Originally Posted by Tailpipe
Whether this particular rumour is true or false, it would make sense for Apple to release such a device. As well as a 7.85" screen I'd love to see an iPad with a 5.5" screen.
Why not? Sure, it would be a defensive move that would protect market share, but since iPod touch has all but replaced the Classic IPod, adding iPad screen sizes would give Apple extra SKUs across different price points.
Perhaps the best reason for this is that gives customers greater choice. A larger iPod touch or smaller iPad that could fit into a jacket pocket would be great.
For a 7.85" device, the major applications would be email, reading books, music, and movies on the move.
Retina screen resolutions are essential for success.
Originally Posted by jragosta
I'm also becoming more comfortable with the idea. Apple doesn't have any real competition at the 10" size, but lots of people are using 7" tablets to enter the market - and they will eventually create some competition for Apple. By releasing a 7" iPad, Apple has a low end product to offer and has a better chance of retaining its dominant market share.
However, I don't think it's going to be as cheap as people are assuming. I just don't see a $249 iPad-mini. Apple's costs don't go down by anywhere near the 50% reduction in area.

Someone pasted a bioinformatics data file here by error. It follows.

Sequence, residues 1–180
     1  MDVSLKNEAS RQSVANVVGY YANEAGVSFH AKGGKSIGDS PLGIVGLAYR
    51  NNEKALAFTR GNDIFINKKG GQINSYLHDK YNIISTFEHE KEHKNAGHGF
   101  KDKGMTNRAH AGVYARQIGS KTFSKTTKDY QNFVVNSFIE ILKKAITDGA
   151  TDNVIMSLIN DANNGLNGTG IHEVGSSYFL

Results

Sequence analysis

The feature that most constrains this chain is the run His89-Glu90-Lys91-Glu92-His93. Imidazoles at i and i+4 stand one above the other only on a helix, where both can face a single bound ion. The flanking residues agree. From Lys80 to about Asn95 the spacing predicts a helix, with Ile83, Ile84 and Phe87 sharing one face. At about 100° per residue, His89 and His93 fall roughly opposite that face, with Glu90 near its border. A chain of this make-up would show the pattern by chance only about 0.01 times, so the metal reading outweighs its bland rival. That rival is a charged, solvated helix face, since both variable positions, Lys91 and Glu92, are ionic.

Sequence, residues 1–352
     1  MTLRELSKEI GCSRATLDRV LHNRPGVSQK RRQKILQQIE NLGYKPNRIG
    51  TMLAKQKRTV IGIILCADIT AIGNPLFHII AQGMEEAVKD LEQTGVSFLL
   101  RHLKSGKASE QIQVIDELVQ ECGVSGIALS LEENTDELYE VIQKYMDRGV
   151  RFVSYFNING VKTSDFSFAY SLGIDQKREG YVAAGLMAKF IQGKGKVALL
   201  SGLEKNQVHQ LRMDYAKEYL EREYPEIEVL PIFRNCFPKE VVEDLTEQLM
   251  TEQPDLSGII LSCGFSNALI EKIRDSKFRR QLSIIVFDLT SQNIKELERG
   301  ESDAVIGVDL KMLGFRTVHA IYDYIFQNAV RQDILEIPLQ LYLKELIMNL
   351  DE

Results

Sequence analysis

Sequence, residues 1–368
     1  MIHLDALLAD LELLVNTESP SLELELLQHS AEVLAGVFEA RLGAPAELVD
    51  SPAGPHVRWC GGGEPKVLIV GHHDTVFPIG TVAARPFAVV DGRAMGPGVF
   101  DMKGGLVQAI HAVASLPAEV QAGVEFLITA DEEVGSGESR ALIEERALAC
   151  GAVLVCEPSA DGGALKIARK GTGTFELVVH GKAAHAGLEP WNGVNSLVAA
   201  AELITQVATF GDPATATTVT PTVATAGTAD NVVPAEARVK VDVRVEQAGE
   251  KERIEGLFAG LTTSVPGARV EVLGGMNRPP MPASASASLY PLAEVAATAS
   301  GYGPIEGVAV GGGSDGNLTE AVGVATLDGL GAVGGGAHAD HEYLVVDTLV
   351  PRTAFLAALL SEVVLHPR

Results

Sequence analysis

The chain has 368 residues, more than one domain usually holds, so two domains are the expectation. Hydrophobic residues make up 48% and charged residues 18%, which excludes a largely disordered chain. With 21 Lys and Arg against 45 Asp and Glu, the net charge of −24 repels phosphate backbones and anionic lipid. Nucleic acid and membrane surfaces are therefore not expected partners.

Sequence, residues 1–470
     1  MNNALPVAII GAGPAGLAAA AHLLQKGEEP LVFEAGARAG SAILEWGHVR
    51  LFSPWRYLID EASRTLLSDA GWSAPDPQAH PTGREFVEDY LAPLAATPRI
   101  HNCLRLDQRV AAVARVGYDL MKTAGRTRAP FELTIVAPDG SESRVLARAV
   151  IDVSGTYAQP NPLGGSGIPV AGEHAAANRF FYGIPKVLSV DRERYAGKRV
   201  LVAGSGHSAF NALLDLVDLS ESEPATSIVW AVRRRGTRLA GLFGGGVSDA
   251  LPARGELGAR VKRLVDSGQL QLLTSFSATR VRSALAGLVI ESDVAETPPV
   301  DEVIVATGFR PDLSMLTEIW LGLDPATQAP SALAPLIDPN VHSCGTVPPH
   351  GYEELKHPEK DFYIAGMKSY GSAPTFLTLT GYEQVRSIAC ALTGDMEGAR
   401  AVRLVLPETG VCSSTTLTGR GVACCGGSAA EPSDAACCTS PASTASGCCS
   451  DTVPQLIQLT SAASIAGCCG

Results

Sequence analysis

I, too, think that a mini iPad is beginning to make sense.
Ideally, it would be retail priced at $249 -- but $299 seems more likely.
Apple doesn't need to match the KFC or B&N -- they just need to offer a quality product and ecosystem that will impel the customer to opt for Apple at a little higher price.
I did some searching and as of 3/22/12, parts costs for the 16 GB WiFi iPad are:
$316 - New iPad
$245 - iPad 2Will Apple Choke on These Expensive iPad Parts?
So, it looks like it will be difficult to get the parts costs down without leaving out some hardware -- cameras, etc.
However, another way may be possible, as demonstrated by the new ATV...
Apple could use POP/SOC parts built for more powerful devices (iPad 2, New iPad, iPhone) that do not meet QA tests for the target device -- but can be under-clocked, have a CPU or GPU disabled...
This doesn't improve the yield of the "powerful chips", but it makes the iPad Mini and ATV chips almost free (and improves the overall yield of the POP/SOC manufacturing process).
Ideally, Apple could manufacture a single, top-end, POP/SOC and satisfy the needs of all its current ARM devices (plus a couple of new ones) by factoring yield rates into the manufacturing process.
100 A5X starts @ 50% yield == 50 new iPads & 50 A5X rejects
50 A5X rejects tested for iPad Mini specs @ 50% yield == 25 iPad Minis & 25 A5X (mini) rejects
25 A5X (mini) rejects tested for ATV specs @ 50% yield == 13 ATVs & 12 A5X (ATV) rejects
12 A5X (ATV) rejects could be used in Airport Extremes, or other products
Now, if you apportion the manufacturing and QA testing costs across the entire family of ARM devices, you are increasing the yield and reducing the costs of the parts for all ARM devices.
This is especially effective when going to a smaller process -- say 45nm to 32nm or 22nm -- which is happening now (and will continue as technology evolves).